Movie of the Day – Syriana
July 16, 2012 Leave a comment
I don’t know about a lot of people, or just people in general, but I love me some political thrillers. More so, in the case of today’s pick, Geo-political thrillers. Syriana is about as topical as film can get in our day and age. Gas prices, petroleum and Middle East concerns all play a vital part in this big circle jerk of a political and economic issue we face today. I will admit, I try and follow as closely as possible to world politics when I am not watching movies, but the world of oil and petroleum prices, production and their relation to the geo climate of politics in countries not the US, it’s all so damn confusing. I guess that is why this movie is so damn good, it manages to at least present the complicated and global effect that politics and distribution plays in oil production. So you learn as you are entertained!
Reform-minded Gulf country prince Nasir (Alexander Siddig) is in favor of making his nation more self-sufficient rather than U.S.-reliant, and his money-minded Western connections couldn’t be less pleased. Before settling into a cushy desk job for the remainder of his career, CIA agent Bob Barnes (George Clooney) is sent on one last assignment — to assassinate Prince Nasir and reinstate U.S. ties in the oil-rich region. Though his loyalty dictates that Barnes carry out his current mission despite lingering doubts of a previous blunder, his mission goes horribly awry when his field contact goes turncoat and Barnes becomes a CIA scapegoat. Meanwhile, up-and-coming Washington attorney Bennett Holiday (Jeffrey Wright) attempts to walk a fine line in overseeing a tenuous merger between two oil giants that’s plagued with shady business dealings. Hotshot energy analyst Bryan Woodman (Matt Damon) is in talks to form a lucrative partnership with Prince Nasir, though the death of his son during a party at the prince’s estate makes him question his loyalty to business over family. Back in Washington, D.C., Bennet’s boss Dean Whiting attempts to undermine Prince Nasir’s attempts to make his country less reliant on the U.S. dollar by planting the seeds of dissonance between the progressive prince and his money-minded younger brother Prince Meshal (Akbar Kurtha). ~ Jason Buchanan, Rovi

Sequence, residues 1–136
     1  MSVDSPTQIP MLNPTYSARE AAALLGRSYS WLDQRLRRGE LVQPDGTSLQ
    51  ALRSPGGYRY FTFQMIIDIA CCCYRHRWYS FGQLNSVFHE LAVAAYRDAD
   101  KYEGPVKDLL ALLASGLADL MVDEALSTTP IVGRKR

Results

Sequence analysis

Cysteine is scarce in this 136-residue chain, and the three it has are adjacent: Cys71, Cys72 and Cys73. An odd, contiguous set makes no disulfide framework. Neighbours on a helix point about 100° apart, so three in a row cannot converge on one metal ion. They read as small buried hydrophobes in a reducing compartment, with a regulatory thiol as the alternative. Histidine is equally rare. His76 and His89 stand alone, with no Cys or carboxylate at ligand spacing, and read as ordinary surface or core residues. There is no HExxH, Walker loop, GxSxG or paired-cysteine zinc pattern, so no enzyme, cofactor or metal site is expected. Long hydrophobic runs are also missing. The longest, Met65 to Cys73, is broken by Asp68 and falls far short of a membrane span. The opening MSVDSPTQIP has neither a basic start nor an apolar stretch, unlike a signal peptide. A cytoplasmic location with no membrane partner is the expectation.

Stephen Gaghan makes his directorial debut with a refined script that is reminiscent of his work on Traffic, to give us a complex, layered and intriguing geopolitical thriller that utilizes the complexity of parallel stories and a wide range of actors to explore the politics behind oil. I love his script for Traffic, with the layer and interweaving story lines that all bind everything together. Gaghan, along with Producer and Star George Clooney, attempt to cover a lot of ground with four diverse stories that are all tied together in the dirty business of oil and politics. The smart script, tight directing and overlapping narrative structure does help convey to the lay person how puzzling and dark the world of politics and the by-products of oil business is to those on the outside.
There are four concurrent stories that happen in the film, each twisting and confusing as the next. There is the Emir story which is about diversifying the region from an oppressive regime (due to the stranglehold of the oil supply in the region) to that of a democratic nation. The use of the funds would help usher in economic and social changes through the selling and production of oil. An assassination story that is meant to showcase the efforts to stem the destabilization of a region, all the while trying to thwart the risk of regime changes. The story of Wasim, a migrant worker who is effected by the sudden change in oil production control from an American company to that of a Chinese company. We follow the lives of the workers and their role in a much larger, dangerous task. Last is the Merger story line which is all politics and dirty dealing between government and business.
All the stories are vastly complex and rich in detail. The acting itself is amazing with such a cast that ranges from Clooney, Matt Damon, Jeffery Wright, Christopher Plummer, William Hurt, Mark Strong, Amanda Peet, and Chris Cooper. Each character is tied to one another through some hidden action that happens in one of the parallel story lines that adds to the intrigue of the whole film. I don’t want to talk about each story or actor as the post would be far too long. But any scene with Clooney, Damon and Wright are the best of the film.
Overall, Syriana is a deeply engrossing film that spans across all area of geopolitics from the big government, business, and down to the workers that all fuel the machine. At times, the film is confusing, but then again so is the topic. I guess if you had a degree in geopolitics or corporate politics, then you will be nodding your head in understanding. For someone like me, and I am assuming others out there, this will be a head scratching ride that weaves every facet of the world into one slightly depressing film about the oil hold and how it effects every aspect of the world.
*images via RottenTomatoes